Friday, 6 March 2015


Title: Polarity In Motion
Author: Brenda Vicars
Publisher: Red Adept Publishing
Release Date: December 2014

BLURB from Goodreads
Fifteen-year-old Polarity Weeks just wants to live a normal life, but with a mother diagnosed with borderline personality disorder, that’s rarely easy. Her life gets exponentially more disastrous when her sixth-period history classmates start ogling a nude picture of her on the Internet. Polarity would never have struck such a shameless pose, but the photo is definitely of her, and she’s at a complete loss to explain its existence.

Child Protective Services yanks her from her home, suspecting her parents. The kids at school mock her, assuming she took it herself. And Ethan, the boy she was really starting to like, backpedals and joins the taunting chorus. Surrounded by disbelief and derision on all sides, Polarity desperately seeks the truth among her friends. Only then does she learn that everyone has dark secrets, and no one’s life is anywhere near normal.

Amazon UK


Brenda Vicars has worked in Texas public education for many years. Her jobs have included teaching, serving as a principal, and directing student support programs. For three years, she also taught college English to prison inmates.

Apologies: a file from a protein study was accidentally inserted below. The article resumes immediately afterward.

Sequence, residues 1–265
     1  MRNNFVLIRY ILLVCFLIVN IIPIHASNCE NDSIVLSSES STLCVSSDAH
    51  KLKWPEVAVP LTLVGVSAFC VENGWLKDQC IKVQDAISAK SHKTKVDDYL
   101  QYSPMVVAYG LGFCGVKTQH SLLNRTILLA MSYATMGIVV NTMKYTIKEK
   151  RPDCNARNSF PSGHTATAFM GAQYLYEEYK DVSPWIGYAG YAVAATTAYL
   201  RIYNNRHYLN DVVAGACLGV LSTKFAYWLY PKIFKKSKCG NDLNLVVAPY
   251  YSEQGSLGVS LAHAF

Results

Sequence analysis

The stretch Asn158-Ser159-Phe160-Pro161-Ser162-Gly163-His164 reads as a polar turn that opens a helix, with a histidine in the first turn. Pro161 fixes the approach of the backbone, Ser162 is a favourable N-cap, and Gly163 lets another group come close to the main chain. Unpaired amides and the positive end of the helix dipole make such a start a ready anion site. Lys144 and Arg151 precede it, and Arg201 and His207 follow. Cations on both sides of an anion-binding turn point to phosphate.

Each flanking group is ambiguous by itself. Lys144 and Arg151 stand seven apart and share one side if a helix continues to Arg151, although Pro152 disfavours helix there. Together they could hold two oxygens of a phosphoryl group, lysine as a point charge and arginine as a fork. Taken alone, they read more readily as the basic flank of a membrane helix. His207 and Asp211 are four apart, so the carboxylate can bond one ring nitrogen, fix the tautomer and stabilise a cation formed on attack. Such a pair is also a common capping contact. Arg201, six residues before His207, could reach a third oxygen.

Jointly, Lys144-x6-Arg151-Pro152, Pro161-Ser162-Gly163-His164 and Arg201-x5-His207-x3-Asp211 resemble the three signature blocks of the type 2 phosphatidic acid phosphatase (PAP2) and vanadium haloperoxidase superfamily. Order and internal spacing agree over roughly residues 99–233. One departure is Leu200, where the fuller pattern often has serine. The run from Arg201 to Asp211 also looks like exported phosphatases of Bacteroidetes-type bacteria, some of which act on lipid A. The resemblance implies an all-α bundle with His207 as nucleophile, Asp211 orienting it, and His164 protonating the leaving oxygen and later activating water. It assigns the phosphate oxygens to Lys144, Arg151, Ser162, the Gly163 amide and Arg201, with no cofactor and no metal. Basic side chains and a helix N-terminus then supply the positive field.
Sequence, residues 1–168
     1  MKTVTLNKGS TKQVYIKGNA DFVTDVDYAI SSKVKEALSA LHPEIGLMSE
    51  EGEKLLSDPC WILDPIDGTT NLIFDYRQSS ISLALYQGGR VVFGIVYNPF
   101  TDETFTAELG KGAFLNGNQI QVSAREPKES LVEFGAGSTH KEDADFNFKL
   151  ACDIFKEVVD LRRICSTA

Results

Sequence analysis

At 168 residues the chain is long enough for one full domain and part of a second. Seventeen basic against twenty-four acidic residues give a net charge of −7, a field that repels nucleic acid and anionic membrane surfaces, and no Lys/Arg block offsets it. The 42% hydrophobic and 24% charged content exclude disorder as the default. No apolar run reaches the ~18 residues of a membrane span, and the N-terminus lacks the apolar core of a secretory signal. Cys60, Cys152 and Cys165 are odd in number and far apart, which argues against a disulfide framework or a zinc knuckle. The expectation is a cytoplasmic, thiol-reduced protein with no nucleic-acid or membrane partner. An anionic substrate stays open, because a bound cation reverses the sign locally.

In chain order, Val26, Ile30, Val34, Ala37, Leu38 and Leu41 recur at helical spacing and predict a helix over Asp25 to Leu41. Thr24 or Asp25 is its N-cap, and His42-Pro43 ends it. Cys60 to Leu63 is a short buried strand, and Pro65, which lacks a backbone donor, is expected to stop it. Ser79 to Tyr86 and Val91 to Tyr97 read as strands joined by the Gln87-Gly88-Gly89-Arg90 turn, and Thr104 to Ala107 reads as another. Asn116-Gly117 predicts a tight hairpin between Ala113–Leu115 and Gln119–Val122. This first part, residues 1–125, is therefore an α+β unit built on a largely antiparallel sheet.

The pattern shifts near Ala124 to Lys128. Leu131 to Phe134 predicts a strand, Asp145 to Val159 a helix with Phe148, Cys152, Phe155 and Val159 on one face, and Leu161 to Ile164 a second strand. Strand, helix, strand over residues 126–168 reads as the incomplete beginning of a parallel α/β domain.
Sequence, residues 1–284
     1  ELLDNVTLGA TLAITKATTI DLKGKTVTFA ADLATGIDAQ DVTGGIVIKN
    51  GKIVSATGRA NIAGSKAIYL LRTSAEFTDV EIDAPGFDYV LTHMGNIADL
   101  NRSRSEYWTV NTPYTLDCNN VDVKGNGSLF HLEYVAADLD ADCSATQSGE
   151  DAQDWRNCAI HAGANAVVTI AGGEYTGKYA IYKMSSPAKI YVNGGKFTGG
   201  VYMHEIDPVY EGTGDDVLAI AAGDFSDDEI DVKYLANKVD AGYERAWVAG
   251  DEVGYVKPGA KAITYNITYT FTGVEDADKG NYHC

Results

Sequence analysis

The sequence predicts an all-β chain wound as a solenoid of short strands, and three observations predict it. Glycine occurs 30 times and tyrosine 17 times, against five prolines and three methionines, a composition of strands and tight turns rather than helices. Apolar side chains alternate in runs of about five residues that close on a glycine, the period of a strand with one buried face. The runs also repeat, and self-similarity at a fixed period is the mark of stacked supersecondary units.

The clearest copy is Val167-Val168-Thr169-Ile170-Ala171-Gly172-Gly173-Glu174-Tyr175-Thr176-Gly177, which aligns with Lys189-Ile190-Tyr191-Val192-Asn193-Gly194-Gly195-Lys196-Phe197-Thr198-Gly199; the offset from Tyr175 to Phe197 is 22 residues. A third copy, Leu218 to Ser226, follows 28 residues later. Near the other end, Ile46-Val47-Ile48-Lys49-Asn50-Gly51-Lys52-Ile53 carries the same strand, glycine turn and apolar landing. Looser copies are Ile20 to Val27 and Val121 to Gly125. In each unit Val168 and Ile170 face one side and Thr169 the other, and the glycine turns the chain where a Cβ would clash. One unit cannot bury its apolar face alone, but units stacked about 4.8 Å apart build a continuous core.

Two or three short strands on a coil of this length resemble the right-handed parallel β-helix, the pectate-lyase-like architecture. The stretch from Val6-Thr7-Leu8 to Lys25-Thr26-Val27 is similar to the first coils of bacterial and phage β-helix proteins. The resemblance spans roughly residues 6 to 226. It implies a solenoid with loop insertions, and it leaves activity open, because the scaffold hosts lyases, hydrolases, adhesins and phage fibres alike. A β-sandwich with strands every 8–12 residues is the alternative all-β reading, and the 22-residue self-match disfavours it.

She entered education because she felt called to teach, but her students taught her the biggest lesson: the playing field is not even for all kids. Through her work, she became increasingly compelled to bring their unheard voices to the page. The heartbeat of her fiction emanates from the courage and resiliency of her students.

Brenda’s hobbies include reading, making things out of re-purposed wood, pulling weeds in the garden, and going to Zumba classes.


What is the name of your latest book, and if you had to summarise it in less than 20 words what would you say?
Polarity in Motion: Polarity’s life unravels when her nude picture hits the Internet.

Who is your publisher?
Red Adept Publishing

If you had to choose to be one of your characters in your book which would you be? and why?